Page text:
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Possible New Sewer

Tompkins County Legislator Mike Sigler told the Lansing Town Board Wednesday that Lansing homeowners who live on Cayuga Lake on East Shore Drive north of the Cornell Sailing Club and south of Esty Hill want sewer.  Sigler said the topic came up while he was going door to door for his reelection campaign.  Sigler said he would be asking the Town to pay for a study.  he said he could only circulate a petition among neighbors there to gauge interest once the study determines cost of sewer in that area.

"But it's for our town.  That's 50 houses right on the water that are all Lansing residents.  The study has to come, and then I have to collect signatures on a petition to see how much interest there is down there.  I have to come to you first before I can actually see the level of support."

Sigler noted that it should be easy to hook up sewer line in that neighborhood, because an existing sewer that goes all the way to the town line could simply be extended.

"The sewer there literally ends at the town line," he said.  "About 50 houses in Lansing are right on the water and have really small lots.  They were concerned about not having sewer, so I told them I would work on that.  The line is right there, and we already have an agreement with Cayuga Heights."

That agreement is a Memorandum Of Understanding (MOU) that would allow the Town to hook up to the Village of Lansing sewer system in order to transport effluent to the Village of Cayuga Heights Sewer Treatment Plant.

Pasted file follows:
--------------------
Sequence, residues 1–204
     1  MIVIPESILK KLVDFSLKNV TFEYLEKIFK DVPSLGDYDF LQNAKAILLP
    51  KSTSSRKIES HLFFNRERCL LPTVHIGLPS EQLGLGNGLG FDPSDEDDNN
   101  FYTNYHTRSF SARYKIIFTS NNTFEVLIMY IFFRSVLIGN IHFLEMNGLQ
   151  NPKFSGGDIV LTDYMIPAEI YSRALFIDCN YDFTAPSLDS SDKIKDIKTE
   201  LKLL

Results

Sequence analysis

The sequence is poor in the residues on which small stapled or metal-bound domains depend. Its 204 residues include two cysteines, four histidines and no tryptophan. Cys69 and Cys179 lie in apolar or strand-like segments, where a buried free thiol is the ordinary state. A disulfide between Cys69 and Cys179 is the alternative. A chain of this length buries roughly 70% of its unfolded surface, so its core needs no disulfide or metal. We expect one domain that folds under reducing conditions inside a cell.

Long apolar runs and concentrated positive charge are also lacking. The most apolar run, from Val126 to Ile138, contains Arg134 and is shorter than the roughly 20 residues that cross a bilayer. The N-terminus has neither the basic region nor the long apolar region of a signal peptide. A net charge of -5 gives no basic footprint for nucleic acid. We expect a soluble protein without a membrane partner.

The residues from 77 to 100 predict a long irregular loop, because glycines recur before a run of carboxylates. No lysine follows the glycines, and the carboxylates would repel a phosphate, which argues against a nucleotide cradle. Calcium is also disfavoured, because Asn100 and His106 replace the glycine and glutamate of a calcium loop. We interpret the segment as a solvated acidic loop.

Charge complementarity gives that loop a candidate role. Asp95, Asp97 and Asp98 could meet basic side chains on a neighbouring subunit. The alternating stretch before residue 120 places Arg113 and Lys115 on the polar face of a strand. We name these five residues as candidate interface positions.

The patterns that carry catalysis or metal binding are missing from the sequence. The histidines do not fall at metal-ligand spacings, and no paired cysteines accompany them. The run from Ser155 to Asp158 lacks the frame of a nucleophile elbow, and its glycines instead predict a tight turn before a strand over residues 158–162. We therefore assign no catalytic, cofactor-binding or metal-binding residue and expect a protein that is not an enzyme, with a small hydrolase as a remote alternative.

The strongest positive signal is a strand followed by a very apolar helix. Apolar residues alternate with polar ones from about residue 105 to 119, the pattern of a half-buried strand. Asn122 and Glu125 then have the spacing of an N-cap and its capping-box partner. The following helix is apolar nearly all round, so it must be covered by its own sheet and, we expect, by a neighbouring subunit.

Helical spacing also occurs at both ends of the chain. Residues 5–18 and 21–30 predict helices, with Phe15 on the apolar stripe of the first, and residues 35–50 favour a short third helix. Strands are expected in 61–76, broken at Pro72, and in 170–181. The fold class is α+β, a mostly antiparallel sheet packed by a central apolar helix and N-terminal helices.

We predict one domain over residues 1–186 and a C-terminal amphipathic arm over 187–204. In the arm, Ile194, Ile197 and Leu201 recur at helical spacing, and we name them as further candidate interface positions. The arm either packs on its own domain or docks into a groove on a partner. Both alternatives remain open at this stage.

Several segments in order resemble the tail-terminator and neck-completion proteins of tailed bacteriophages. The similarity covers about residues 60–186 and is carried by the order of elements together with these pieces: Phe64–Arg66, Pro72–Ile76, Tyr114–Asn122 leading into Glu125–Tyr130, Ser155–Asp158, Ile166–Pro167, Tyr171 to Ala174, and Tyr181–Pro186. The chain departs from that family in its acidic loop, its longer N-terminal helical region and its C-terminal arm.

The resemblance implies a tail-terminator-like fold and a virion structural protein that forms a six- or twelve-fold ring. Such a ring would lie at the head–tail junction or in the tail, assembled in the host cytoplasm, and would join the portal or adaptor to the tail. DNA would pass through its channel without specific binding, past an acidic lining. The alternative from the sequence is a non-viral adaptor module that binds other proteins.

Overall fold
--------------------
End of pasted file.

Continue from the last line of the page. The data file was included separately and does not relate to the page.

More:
The first beneficiaries of the MOU will likely be included in a new Lansing Sewer District #1.  The proposed sewer district would install a pipe along the west side of North Triphammer Road from the Village of Lansing sewer to the 102 unit Cayuga Farms (rental town homes), 117 unit English Village 59 town homes and 58 single family homes), and the RINK. 

Sigler noted that waste treatment can be a problem in the area he visited because lots there are small for effective septic systems, and because the lots are right on the lakefront.

Supervisor Ed LaVigne asked Town Engineer David Herrick whether the property-owners within the proposed district would be required to foot the entire bill.  Herrick said that if it turns out there is an environmental threat the state moves quickly to get the Town to mitigate it with sewer. 

"If you needed environmental benefits and the State wanted it done, then it would probably pit a project in a better position of chasing assistance than otherwise," Herrick said.

LaVigne said that the Board could discuss paying for a study if a solid cost estimate can be provided with enough time before the next board meeting for board members to consider it.  He suggested that it be brought up in the Town's Water and Sewer Advisory Board. 

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